In our discussion, we talked about the composition of the S&P and the continued outperformance of the tech sector. You may be wondering how the current environment compares to the tech bubble of the late 1990s. While tech has continued a steep upward climb in recent years, the similarity ends there. In the late 90s we had rates around 6-7% as compared to near zero today. Pricing was largely based on a hypothetical vision for the future. Today, these companies are not only profitable but experiencing a secular growth trend brought on by exponential improvements in artificial intelligence. Our socially distanced world has only accelerated these trends. This has led many to abandon the traditional “value” vs. “growth” nomenclature, in favor of the pursuit of “quality” – companies with strong balance sheets that are both profitable and growing consistently.

So how expensive is the market? Price to earnings (or P/E) ratios are a commonly accepted measure of value and can be stated based on 12-month trailing or forward earnings. It’s a fairly simple measure that gives a quick assessment of the relative value of the market. Typically, forward earnings are expected to be higher and therefore help an investor justify the higher price they’re willing to pay (since the forward P/E may be closer to historical averages than an elevated trailing P/E). Today, both measures look fairly expensive – so why continue to invest? We don’t know when earnings will return to pre-recession highs, but many predict sometime in 2021 or 2022. But remember, analysts calculate equity valuations based on discounted cash flows well into the future. Essentially, stocks are trading on their forward…forward earnings. If you waited for earnings to recover completely before owning equities, the price of the stocks would already reflect that information and you would have missed your entry point. That’s why most professionals will tell you not to try to time the market over the short-run, but rather to decide whether the long-term risk and return assumptions are a fit for your portfolio.

We often reference the importance of portfolio diversification. Generally, most people understand the argument for holding a mixture of equity and fixed income, but the concept of diversification can extend to other alternatives as well. There’s a whole host of opportunities, each with their own unique characteristics and trade-offs. While we’ve found compelling opportunities in private lending, real estate, and MLPs over the years, we continue to seek additional opportunities to complement our core.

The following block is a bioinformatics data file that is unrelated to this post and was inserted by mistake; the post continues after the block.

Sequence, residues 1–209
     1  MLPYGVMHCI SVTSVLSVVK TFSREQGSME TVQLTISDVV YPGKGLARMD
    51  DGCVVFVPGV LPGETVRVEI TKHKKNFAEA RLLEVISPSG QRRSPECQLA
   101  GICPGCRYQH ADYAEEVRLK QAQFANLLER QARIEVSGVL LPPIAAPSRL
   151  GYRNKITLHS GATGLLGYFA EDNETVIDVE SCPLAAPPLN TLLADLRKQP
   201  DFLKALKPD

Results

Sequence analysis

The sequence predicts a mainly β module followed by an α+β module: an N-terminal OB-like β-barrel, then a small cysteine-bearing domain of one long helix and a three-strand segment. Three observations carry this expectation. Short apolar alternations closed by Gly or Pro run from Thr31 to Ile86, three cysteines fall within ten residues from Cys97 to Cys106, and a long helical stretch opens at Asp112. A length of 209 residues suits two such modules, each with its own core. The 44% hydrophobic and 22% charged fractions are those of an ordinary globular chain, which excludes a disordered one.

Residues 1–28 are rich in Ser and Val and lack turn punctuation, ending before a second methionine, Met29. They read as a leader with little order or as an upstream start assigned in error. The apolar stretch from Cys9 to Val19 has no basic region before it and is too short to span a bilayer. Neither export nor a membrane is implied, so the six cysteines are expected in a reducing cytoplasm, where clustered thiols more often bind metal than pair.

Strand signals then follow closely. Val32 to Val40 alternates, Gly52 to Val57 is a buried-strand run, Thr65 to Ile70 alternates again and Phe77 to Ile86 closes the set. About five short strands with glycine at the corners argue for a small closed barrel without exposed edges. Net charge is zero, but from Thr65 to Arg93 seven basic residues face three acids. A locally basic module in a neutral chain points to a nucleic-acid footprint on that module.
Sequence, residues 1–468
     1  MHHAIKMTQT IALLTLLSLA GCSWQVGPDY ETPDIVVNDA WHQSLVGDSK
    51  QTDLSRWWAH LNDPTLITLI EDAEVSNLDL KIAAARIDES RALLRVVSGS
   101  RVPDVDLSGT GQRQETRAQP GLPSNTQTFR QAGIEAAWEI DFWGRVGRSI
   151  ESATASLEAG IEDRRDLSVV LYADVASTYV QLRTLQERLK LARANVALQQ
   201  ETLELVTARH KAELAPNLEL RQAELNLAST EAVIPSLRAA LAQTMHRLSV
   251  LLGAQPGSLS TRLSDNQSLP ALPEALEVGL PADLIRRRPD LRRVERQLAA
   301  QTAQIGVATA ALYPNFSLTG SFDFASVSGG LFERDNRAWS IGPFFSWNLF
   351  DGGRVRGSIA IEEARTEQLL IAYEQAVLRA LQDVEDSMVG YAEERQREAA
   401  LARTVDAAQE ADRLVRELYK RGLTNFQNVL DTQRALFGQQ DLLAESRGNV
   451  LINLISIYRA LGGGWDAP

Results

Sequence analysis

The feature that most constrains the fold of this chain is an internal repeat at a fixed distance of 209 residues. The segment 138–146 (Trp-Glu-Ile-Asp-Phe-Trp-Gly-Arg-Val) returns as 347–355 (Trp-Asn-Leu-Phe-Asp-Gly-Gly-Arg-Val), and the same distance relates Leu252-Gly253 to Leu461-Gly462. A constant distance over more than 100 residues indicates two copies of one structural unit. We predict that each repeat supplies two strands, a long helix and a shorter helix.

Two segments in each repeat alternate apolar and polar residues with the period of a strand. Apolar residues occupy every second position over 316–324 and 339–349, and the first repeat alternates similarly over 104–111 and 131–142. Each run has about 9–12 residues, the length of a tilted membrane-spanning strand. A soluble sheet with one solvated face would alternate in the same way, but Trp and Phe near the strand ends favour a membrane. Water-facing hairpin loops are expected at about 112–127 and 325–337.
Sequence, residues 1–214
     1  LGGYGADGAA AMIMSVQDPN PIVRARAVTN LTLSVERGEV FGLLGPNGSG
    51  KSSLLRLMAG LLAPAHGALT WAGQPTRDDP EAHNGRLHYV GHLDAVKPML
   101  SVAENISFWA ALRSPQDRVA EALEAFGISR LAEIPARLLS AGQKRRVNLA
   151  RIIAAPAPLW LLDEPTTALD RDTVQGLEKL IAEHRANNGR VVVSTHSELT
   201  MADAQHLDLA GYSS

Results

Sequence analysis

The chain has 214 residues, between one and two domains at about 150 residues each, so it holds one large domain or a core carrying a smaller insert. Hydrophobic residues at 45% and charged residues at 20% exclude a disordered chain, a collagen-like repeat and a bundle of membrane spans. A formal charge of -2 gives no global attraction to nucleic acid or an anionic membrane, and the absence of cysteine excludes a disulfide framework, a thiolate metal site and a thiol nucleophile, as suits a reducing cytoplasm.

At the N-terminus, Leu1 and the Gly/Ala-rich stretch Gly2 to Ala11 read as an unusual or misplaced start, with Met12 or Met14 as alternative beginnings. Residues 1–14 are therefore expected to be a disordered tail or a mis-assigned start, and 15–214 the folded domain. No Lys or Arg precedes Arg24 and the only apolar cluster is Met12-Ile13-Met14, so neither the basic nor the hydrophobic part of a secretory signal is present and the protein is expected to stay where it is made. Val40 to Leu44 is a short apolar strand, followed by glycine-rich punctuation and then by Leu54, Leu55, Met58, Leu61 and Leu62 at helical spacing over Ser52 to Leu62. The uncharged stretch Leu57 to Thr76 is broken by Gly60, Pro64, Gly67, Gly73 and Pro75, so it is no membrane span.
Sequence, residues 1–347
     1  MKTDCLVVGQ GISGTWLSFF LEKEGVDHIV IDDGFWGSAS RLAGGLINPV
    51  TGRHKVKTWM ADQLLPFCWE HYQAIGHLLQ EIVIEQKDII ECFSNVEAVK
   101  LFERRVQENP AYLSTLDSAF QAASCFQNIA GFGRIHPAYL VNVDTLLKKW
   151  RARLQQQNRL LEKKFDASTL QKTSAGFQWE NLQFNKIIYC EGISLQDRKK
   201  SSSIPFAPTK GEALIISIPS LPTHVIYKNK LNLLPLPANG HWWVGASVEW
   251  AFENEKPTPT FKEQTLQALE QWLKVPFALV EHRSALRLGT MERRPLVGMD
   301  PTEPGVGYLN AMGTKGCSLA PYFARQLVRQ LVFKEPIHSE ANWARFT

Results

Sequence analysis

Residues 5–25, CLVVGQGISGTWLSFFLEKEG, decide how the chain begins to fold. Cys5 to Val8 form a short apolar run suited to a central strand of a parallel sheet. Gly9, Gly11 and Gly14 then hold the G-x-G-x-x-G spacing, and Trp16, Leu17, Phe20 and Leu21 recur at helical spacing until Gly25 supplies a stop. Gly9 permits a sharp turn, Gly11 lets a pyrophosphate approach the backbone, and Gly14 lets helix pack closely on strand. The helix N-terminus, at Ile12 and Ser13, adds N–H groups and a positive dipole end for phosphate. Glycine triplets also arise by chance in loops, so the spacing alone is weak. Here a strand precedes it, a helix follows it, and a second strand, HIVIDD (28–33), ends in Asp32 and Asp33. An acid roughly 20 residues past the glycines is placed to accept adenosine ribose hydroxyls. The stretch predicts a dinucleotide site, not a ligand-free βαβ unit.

Finally, many of you have expressed concerns about the impact of the upcoming election on the markets. While we absolutely expect politics to contribute to short-term volatility, history has shown that election results have little impact on long-term capital market assumptions. We’ll explore this topic in our next webinar in late September.

If you or someone you know would benefit from speaking with a HoyleCohen Advisor, we encourage you to reach out.

Wishing you health and happiness.

To download the slide deck used, please click here.

Your Hosts:

 

Samantha Azzarello, Executive Director, Global Market Strategist, J.P. Morgan Asset Management

Samantha develops and communicates timely market and economic insights to retail and institutional clients across the U.S. She joined J.P. Morgan in 2015. Before she joined the firm, Samantha worked at Bank of America Merrill Lynch Wealth Management as a multi-asset investment strategist within the Chief Investment Office. She was involved in formulating and communicating the firm’s economic and market outlook as well as asset allocation views.

 Samantha also worked at CME Group as an economist, where she conducted research and analyzed global economic developments that impacted the company’s business. She has published articles in the Review of Financial Economics and Journal of Investing.

 

Vanessa Wieliczko, CFA, CAIA, CFP®:  Director of Investments, HoyleCohen

Vanessa oversees the investment department and leads the Investment Committee at HoyleCohen. She joined HoyleCohen in 2008 and helped develop the firm’s CorePlus approach, a unique blend of traditional and alternative assets.

Vanessa holds a Bachelor’s degree in business administration and management with a concentration in international finance from Boston University. Driven in pursuit of excellence, she obtained her Chartered Financial Analyst, Chartered Alternative Investment Analyst, and Certified Financial Planner designations all before turning 30. Active in the community, Vanessa serves on the board as President of the CFA Society San Diego, a group of more than 500 investment professionals.